I'll start by summarizing what's happening with the async-urllib3 work and what we've been thinking about there, so we can start figuring out how these different initiatives relate.

The async-urllib3 fork

For the last few years, me & @pquentin & @RatanShreshtha have been slowly working on adding async support to urllib3 (also incorporating some older work by @Lukasa). The repo and issue tracker is here, and the basic approach is described here: urllib3/urllib3#1323

What we've done so far

  • The core HTTP/1.1 support has been totally replaced – http.client has been ripped out and replaced by h11 + our own networking code.
  • We have both sync + async versions of the public APIs
  • The sync API works on python 2.7 and python 3.4+
  • The async API works on python 3.5+, on Trio and Twisted. Adding other backends is quite easy – at the low end, the Trio backend is 55 lines of code; at the high end, the Twisted backend is 184 lines of code, because we have to implement our own flow-controlled stream layer and error unwinding.
    • We've been leaning towards keeping these internal, because they're small enough that I think the benefits from being able to refactor the interface with the rest of the library will outweigh the costs of maintaining them.
  • We're still close enough to urllib3 upstream that we can use git merge to pull in their ongoing work (which there's quite a bit of, to fix all kinds of exotic edge cases:
  • We support basically everything upstream urllib3 does except for urllib3.contrib, which means: SOCKS, alternative TLS backends (pyopenssl, securetransport), appengine support. It might make sense to port some of these too; we're not sure.
  • Apart from the missing urllib3.contrib features, our sync API is passing the entire urllib3 test suite

What's left to do

In general, my feeling is that the core HTTP functionality here is really solid. I think I heard @Lukasa say once that it's easy to write 90% of an HTTP client; the last 10% is where all the work is. (I guess this true of everything, but even more so for HTTP.) The async-urllib3 branch doubtless has exciting new bugs we haven't found yet, but overall this is not a quick proof of concept, it's a serious attempt at a production library that handles almost all the edge cases I know about, including things that urllib3 has only figured out within the last few months. It even handles early server responses (which is a known problem with classic urllib3, and required multiple iterations to figure out how to make it supportable across multiple networking backends). Though, we do still need to figure out what to do about header casing – python-hyper/h11#31.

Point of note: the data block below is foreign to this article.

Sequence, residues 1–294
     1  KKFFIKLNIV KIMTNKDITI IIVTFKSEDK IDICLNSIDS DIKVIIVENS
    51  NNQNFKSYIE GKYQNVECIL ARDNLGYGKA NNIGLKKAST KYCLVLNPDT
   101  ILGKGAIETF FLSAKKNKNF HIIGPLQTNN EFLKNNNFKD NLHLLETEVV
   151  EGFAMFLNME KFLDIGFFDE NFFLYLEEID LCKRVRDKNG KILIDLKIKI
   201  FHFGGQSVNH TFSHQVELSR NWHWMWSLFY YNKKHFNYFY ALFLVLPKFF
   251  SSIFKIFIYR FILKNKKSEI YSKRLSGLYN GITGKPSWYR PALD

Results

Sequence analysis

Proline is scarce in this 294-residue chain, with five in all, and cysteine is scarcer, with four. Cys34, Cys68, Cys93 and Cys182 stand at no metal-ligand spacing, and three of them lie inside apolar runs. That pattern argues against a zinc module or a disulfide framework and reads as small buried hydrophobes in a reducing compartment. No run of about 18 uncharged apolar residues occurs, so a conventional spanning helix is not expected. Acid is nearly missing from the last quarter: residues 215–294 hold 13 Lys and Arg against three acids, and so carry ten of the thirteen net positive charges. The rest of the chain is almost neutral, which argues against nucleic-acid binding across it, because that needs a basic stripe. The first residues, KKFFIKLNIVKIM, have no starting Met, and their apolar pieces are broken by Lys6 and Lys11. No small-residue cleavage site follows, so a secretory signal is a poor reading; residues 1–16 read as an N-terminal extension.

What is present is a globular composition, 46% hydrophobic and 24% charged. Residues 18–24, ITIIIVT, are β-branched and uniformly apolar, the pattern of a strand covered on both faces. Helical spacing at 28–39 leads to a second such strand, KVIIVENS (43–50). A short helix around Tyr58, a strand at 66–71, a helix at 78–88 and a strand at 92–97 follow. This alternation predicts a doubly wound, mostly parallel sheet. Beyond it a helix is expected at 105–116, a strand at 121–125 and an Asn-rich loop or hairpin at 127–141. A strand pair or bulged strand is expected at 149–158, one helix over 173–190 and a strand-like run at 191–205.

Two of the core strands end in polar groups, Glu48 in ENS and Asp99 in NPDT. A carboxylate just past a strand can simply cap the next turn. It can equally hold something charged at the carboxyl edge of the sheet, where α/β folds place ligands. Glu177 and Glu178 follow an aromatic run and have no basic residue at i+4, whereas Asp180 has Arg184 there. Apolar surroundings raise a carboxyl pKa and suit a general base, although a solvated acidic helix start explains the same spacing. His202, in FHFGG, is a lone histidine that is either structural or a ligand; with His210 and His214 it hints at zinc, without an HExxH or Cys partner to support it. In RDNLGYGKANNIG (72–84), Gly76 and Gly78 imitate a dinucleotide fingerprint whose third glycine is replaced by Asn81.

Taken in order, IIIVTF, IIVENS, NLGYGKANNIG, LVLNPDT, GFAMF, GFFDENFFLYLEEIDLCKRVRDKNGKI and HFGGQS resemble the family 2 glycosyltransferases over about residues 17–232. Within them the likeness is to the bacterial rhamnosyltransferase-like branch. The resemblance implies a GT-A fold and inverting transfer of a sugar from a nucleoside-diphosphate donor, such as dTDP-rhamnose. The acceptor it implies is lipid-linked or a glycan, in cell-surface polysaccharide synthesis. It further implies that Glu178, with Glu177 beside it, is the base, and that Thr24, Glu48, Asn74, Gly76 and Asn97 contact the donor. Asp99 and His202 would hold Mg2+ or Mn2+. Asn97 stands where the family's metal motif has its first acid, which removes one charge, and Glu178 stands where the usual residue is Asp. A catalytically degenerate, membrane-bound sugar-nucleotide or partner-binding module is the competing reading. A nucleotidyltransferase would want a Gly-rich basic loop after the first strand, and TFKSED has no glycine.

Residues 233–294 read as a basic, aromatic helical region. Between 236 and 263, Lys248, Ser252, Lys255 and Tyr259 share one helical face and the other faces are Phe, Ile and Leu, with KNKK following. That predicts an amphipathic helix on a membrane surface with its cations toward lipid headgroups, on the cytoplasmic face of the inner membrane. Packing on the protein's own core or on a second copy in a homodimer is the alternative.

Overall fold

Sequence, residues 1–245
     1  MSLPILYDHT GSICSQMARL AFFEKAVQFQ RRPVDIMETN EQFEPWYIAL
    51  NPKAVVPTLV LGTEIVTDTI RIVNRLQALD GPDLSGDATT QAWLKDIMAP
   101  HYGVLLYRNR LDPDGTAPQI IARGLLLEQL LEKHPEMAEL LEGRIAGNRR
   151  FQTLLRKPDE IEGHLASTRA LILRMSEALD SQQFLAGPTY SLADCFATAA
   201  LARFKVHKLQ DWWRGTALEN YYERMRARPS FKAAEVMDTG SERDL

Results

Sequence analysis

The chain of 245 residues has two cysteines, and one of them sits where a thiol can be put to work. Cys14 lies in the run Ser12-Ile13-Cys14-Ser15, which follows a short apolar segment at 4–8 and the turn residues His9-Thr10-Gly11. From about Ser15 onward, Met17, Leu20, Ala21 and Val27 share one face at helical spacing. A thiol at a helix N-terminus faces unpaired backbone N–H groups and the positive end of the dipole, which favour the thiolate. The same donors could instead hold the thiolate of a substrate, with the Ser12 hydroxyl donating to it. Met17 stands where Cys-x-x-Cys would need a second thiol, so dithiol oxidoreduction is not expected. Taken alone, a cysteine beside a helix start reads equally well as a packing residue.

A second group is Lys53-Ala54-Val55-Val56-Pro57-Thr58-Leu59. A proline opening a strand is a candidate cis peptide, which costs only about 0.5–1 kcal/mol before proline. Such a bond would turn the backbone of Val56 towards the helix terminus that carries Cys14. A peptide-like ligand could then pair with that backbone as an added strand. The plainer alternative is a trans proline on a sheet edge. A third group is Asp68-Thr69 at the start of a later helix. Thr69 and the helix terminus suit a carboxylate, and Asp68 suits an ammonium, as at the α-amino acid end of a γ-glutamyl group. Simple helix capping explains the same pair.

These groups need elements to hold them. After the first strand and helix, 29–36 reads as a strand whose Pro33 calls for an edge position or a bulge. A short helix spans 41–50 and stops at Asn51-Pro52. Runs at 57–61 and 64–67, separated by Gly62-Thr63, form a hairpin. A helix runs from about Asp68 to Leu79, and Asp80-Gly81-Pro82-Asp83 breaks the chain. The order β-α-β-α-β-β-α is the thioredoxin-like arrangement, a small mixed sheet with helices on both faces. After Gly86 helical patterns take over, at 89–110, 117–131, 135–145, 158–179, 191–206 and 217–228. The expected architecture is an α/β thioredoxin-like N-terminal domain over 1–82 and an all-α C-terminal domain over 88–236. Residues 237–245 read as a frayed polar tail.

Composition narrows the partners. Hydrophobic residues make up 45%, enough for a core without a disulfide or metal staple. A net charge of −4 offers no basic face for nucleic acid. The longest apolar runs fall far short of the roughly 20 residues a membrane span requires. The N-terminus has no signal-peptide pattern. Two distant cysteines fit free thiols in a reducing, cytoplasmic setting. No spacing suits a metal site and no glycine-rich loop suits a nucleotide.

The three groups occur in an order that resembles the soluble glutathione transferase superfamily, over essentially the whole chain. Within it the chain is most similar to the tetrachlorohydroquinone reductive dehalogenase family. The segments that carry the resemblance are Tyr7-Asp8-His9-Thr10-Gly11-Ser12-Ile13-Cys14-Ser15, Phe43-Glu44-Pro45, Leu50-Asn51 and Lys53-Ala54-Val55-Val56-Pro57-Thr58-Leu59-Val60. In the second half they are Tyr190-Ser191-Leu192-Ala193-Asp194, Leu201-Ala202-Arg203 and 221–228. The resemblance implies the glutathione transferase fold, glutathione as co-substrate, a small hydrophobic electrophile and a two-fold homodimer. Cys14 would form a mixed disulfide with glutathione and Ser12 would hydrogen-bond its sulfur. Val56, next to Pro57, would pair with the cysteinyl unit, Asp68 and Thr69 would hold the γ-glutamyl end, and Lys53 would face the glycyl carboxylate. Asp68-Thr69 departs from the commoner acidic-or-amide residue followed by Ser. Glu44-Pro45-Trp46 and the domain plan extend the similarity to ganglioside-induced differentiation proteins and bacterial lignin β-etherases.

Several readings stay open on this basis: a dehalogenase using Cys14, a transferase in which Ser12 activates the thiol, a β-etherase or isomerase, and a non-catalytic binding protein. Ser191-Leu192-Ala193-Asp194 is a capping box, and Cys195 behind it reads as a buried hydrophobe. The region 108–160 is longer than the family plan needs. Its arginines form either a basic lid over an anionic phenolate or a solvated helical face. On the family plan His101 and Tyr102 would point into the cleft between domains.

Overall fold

There are a bunch of minor things we need to do (e.g. docs, asyncio backend), and also two major ones:

  • We currently aren't doing more than minimal smoke testing for the async versions of our interfaces. We need to async'ify the tests, to run against all the async backends too. This should be mostly mechanical, EXCEPT....
  • ...One thing I've learned over the last few years is that urllib3's public interfaces are too big – there's a bunch of random bits and pieces that shouldn't be exposed. Some of this is pretty trivial to fix (just add underscores). But the trickier part is the session APIs, PoolManager/HTTPConnectionPool/HTTPSConnectionPool/etc. These expose a bunch of details that should be handled internally, and the exposed details don't necessarily make much sense (why does each host get its own session object?). This also makes writing generic tests unnecessarily tiresome, because we need to test all these classes separately, pick the sync/async version as appropriate, etc. Ideally there would just be a single session type that all calls start with, and we could pass in the appropriate version as a test fixture. I think this part of urllib3 is problematic enough that it's worth reworking in any kind of "v2" project.

urllib3 vs async-urllib3 vs httpcore vs requests vs request3 vs idek

OK so that's what we've been working on what the issues we've found. What about the larger strategy? First, just to lay out my general assumptions: